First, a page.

House Speaker Mike Johnson (R-La.) said Saturday that a vote to formalize the impeachment inquiry into President Joe Biden is a “necessary step” in the face of what he said was White House resistance to providing evidence and blocking witnesses from coming forward.
In the interview, Mr. Johnson and House GOP conference chair Rep. Elise Stefanik (R-N.Y.) discussed Republican plans for an impeachment vote, while vowing to “follow the facts” in the inquiry and promising it wouldn’t be used as a partisan bludgeon.
“It’s become a necessary step,” Mr. Johnson said in the interview. “Elise and I both served on the impeachment defense team of Donald Trump twice when the Democrats used it for brazen, partisan political purposes. We decried that use of it. This is very different. Remember, we are the rule of law team. We have to do it very methodically.”
Mr. Johnson’s remarks come as House Republicans have been considering whether to formalize their impeachment inquiry into President Biden as White House lawyers have used the lack of formal House authorization to argue that the investigation lacks legitimacy.
The speaker said that the Biden impeachment inquiry is being “stonewalled” by the White House, which he accused of blocking several witnesses from testifying and of withholding “thousands of pages of evidence.”
The impeachment inquiry against President Biden focuses on his time as vice president and involves allegations that he lied about his involvement in his family’s business dealings.
President Biden has denied any wrongdoing while his aides have denounced the inquiry as political revanchism for the Democrat-led impeachments of former President Donald Trump.
The White House has called the proposal to hold an impeachment vote an effort by Republicans “to distract from their own chaos and dysfunction.”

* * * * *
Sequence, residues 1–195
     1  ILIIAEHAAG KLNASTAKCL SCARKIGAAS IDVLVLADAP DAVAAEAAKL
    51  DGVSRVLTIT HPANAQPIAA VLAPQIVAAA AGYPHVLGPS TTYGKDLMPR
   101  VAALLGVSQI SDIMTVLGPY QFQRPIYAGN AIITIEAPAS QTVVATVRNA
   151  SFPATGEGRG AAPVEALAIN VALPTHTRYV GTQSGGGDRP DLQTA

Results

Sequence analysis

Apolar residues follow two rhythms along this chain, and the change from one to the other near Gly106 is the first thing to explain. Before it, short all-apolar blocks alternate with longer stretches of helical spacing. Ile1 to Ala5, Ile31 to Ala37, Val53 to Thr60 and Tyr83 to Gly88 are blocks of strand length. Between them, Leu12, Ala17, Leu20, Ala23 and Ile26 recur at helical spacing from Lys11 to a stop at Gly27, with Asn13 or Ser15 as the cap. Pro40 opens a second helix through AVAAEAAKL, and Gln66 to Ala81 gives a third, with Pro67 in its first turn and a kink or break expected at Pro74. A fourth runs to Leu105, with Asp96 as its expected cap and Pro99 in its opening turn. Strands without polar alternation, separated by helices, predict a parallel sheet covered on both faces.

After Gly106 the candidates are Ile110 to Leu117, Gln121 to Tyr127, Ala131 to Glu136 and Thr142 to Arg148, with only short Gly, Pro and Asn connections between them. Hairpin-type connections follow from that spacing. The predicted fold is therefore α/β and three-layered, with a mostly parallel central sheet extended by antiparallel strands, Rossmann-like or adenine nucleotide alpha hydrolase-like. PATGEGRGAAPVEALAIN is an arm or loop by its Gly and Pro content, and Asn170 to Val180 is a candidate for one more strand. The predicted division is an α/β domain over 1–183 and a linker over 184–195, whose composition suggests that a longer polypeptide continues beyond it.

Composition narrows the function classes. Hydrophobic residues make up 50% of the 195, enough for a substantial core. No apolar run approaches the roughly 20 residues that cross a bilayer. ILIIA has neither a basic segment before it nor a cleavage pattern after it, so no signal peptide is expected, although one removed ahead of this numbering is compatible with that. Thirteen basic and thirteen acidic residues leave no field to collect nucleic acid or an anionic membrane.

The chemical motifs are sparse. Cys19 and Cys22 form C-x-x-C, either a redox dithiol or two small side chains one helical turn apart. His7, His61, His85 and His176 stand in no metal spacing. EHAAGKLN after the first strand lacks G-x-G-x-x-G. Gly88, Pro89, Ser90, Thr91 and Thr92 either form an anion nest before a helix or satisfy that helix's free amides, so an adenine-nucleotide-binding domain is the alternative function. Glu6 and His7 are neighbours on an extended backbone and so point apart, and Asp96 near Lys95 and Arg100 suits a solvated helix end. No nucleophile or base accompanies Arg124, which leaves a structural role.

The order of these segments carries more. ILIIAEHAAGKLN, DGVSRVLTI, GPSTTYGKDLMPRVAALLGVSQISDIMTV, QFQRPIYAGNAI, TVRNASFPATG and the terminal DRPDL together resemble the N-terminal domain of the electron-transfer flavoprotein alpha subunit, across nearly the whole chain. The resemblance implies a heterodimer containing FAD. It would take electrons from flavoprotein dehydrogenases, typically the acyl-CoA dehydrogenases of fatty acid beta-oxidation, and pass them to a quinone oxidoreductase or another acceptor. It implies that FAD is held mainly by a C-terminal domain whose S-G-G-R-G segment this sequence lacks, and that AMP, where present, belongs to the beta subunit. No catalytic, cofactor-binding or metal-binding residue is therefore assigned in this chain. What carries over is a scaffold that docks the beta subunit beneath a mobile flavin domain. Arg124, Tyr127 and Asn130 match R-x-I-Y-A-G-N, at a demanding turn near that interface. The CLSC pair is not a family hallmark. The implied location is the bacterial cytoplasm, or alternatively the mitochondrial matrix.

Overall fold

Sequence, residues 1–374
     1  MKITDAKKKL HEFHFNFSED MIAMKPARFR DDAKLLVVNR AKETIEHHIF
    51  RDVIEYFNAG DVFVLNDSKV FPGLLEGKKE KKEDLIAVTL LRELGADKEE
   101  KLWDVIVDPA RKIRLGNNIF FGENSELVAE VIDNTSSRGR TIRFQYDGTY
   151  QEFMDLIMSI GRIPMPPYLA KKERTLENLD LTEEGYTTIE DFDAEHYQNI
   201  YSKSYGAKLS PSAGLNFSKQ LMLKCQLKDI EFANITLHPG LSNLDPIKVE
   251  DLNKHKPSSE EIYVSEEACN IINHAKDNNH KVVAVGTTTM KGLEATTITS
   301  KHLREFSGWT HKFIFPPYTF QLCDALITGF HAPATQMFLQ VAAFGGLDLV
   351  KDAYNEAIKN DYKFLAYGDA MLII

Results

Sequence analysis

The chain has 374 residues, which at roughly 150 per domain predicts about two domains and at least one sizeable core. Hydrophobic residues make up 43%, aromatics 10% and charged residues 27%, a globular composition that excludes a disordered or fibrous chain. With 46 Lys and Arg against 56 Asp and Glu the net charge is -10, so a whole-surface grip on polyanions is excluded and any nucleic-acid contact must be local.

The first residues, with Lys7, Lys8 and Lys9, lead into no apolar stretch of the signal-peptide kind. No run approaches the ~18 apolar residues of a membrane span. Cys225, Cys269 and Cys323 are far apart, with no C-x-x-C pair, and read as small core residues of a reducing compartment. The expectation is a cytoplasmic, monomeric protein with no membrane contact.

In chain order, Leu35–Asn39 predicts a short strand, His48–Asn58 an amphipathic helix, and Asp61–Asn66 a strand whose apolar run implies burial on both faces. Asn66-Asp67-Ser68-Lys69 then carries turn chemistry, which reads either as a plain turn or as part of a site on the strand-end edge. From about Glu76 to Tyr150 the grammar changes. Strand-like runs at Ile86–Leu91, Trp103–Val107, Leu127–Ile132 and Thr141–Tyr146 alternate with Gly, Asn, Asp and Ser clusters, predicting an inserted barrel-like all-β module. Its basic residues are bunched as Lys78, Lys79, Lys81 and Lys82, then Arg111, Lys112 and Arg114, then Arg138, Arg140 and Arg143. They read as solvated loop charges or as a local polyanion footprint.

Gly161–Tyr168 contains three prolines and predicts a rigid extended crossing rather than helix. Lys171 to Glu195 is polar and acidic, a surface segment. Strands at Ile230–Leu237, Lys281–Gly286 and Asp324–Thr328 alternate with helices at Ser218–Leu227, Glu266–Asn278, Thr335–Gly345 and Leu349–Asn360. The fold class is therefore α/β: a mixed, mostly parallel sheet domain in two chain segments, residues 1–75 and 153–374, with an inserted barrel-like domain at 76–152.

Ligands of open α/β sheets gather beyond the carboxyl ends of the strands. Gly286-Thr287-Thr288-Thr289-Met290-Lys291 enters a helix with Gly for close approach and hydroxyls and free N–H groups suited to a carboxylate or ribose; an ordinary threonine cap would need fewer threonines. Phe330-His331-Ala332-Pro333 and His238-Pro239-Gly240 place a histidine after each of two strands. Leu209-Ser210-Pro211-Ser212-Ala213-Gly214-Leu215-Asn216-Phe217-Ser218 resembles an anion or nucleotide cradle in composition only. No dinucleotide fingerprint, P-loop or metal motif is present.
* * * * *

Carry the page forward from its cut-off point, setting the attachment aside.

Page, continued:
“House Republicans have already proven this is an illegitimate exercise not rooted in facts and the truth but only in a political desire to smear the president with lies, and the American people see right through it,” Ian Sams, a White House spokesman, said in a statement.
Impeachment Inquiry VoteHouse Republicans have alleged that President Biden benefited from the foreign business dealings of his family members, in particular those of his son, Hunter Biden, who had a lucrative position at Ukrainian energy giant Burisma while then-Vice President Biden was responsible for U.S. foreign policy regarding Ukraine.
Members of the Biden family, their associates, and their companies raked in more than $24 million from various sources, including business operators and companies in China, Russia, and Kazakhstan, according to records obtained by the GOP-led House Oversight Committee.
President Biden and White House spokesman Ian Sams have strenuously denied any wrongdoing on the president’s part—or any involvement in or knowledge of his family’s business dealings.
In a long-anticipated move, Rep. James Comer (R-Ky.), chairman of the House Oversight Committee, and Rep. Jim Jordan (R-Ohio), chairman of the House Judiciary Committee, recently issued a series of subpoenas and interview requests targeting members of President Biden’s family and close aides.